At the core of Inngest are events. Events are used to trigger, cancel, and continue functions.
Over the last couple of years, Inngest has become fundamental to more and more applications.
Developers deploy applications that run in cloud regions across the globe and many choose to run on distributed compute like Vercel Edge or Cloudflare Workers.
Up until now, Inngest core services, including the Event API, are run within cloud regions in the US. Unfortunately this leads to higher latency for those not running close to our own servers. We know that when you are sending an event within the critical path of your application, an API request for example, it has to be as fast as possible.
That’s why, today we are announcing our new Edge Event API as a closed beta.
Moving to the edge
For the Event API to have low latency from across the world, it needs to run close to your own servers. This means regional replication, caching, and validation of event payloads. The goal of our Event API v2 is to reach sub 100ms response times throughout the world.
We’re still testing the new API internally before rolling it out to the first wave of customers. We’re already seeing major improvements of anywhere between a 46-85% reduction in response times resulting in trimming response times by hundreds of milliseconds in some regions.
The Inngest architecture combines event streams, queues and durable execution into a single reliability layer. As all events begin their journey from the Event API directly to our event streams, it’s a primary segment to optimize performance.
While we are still testing different hosting solutions, generally, the new Event API has the following requirements:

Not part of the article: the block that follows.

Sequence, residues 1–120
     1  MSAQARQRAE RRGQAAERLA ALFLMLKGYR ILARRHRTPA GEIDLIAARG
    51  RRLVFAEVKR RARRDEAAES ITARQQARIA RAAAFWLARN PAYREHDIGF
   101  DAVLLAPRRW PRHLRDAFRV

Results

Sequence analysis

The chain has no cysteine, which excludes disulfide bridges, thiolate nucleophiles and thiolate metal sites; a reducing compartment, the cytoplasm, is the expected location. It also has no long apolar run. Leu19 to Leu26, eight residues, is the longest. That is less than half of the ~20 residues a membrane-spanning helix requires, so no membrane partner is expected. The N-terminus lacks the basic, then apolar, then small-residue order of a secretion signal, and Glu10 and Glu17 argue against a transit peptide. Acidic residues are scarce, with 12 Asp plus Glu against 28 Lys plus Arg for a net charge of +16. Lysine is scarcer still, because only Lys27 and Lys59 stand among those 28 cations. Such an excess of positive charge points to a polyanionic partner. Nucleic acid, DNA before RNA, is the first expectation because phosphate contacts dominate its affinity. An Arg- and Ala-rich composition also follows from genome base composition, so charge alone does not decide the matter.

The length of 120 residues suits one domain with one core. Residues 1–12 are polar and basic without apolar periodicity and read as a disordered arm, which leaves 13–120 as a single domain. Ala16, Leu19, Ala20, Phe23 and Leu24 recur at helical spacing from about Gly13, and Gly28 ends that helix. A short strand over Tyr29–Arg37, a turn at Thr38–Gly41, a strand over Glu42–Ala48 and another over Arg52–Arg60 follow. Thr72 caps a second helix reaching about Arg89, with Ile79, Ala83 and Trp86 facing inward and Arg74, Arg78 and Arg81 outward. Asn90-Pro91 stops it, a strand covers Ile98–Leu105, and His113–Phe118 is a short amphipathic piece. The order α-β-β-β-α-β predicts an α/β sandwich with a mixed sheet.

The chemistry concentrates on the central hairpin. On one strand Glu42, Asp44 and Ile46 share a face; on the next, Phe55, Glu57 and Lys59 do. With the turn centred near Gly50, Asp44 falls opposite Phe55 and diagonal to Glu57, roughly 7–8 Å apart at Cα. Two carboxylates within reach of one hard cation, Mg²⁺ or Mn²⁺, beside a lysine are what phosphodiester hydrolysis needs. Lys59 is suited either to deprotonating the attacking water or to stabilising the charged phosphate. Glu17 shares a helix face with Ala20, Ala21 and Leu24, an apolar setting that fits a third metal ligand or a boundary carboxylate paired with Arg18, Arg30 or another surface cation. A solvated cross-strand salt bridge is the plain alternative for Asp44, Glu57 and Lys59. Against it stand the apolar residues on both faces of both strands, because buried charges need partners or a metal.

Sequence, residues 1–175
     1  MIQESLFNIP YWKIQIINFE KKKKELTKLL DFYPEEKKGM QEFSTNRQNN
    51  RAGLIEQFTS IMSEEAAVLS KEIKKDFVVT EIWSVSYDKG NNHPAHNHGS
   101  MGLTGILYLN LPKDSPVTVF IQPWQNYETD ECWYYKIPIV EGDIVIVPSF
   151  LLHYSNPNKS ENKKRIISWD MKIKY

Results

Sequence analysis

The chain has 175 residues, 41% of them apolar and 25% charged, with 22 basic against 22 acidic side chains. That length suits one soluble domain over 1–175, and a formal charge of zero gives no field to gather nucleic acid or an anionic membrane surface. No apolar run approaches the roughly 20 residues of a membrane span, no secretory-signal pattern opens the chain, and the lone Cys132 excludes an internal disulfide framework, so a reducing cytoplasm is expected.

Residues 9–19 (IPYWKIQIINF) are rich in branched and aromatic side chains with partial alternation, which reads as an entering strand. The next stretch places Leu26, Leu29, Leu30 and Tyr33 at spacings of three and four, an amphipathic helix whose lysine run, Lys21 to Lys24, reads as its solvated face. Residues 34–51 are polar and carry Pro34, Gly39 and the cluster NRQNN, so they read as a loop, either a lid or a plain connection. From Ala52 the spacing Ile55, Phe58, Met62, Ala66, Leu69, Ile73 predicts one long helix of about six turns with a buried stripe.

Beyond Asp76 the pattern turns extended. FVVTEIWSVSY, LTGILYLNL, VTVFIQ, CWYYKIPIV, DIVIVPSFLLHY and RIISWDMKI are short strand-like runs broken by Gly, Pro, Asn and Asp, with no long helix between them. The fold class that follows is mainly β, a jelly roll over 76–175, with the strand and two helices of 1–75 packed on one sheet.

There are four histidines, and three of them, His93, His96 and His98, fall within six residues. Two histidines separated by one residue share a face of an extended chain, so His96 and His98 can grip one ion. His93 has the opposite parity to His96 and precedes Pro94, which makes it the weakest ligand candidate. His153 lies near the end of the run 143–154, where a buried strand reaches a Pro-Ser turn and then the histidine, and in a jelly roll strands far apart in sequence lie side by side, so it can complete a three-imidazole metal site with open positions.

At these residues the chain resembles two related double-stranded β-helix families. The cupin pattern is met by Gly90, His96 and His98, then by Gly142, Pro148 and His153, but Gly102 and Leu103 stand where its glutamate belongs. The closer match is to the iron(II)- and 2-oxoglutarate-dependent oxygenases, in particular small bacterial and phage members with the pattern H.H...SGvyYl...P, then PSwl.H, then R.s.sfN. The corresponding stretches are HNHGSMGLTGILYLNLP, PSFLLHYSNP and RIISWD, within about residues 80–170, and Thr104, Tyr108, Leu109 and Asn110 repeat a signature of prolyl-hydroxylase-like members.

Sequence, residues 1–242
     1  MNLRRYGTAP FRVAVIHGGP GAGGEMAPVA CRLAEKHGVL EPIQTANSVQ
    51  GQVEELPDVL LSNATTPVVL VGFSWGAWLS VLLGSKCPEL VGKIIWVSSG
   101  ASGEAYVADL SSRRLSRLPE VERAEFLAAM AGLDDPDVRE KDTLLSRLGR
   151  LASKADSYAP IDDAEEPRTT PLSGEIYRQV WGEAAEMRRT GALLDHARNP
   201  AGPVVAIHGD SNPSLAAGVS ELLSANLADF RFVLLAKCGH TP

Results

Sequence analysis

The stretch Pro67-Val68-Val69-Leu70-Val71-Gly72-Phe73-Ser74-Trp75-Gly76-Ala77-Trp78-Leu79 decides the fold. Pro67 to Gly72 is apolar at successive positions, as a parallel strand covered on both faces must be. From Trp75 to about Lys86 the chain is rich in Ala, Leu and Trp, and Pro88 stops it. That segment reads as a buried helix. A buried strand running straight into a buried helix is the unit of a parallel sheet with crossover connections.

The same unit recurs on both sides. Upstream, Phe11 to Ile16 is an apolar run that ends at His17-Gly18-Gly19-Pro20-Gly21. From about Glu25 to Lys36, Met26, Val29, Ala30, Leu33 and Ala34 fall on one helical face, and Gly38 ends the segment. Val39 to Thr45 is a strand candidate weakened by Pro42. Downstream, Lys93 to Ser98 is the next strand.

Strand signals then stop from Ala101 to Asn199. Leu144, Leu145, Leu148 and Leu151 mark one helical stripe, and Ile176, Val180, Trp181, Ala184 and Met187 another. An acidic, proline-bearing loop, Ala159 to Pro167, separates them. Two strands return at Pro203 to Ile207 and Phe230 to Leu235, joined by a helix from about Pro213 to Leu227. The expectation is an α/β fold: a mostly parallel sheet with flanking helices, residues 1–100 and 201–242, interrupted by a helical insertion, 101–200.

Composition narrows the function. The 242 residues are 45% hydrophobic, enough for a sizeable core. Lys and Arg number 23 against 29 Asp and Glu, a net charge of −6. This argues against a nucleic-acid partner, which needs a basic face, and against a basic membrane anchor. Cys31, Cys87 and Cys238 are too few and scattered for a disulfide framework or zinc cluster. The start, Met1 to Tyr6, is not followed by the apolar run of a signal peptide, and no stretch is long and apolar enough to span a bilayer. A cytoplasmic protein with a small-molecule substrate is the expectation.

- Event Keys must be replicated at all locations. We’ll start with caching, but with just caching, the first request may be slow to fetch the key from our database in the US. To get around this, we’ll push key changes to the API whenever any changes are made which also should alleviate issues with cache invalidation. This will include allow/deny lists for event names and IP addresses.
- Essential payload validation. Events that do not follow the required payload should be rejected as fast as possible
- Non-blocking event stream publishing. The requester should not be required to wait for the server to publish to the Inngest event stream. Publishing should happen asynchronously with failover.
- Payload size limit expansion. We currently limit the size of payloads to 4MB, but customers often request larger sizes, especially when sending events in bulk. While the new API will have limits to start, it will be designed for larger payload sizes.
These are the essential requirements in addition to the features already built into our v1 Event API. Each one of these is intended to improve performance or lay the foundation for new features and improved capacity.
How to join the beta
You can be first in line to try the new Event API by upvoting the project directly on our roadmap with your Inngest account email. Please share any context on your application that you’d like to start using it for. Additionally, if you just want to be notified when the feature comes out of beta for wide usage, add your email here.
We’re planning to roll this out first for sending events via our SDKs or HTTP. Due to the requirements for transforms, webhooks will not be part of this beta, but more webhook features will be coming later this year!
We’re committed to reducing latency across the board and our new Event API is only part of the picture. We’ve been steadily shipping improvements to function execution to reduce latency and we have several additional projects planned in our immediate roadmap.
Latency is extremely important and will be essential for future features like RPC-style direct function invocation from your APIs. We’d love to hear your feedback on this and we’re excited to begin beta rollout very soon!
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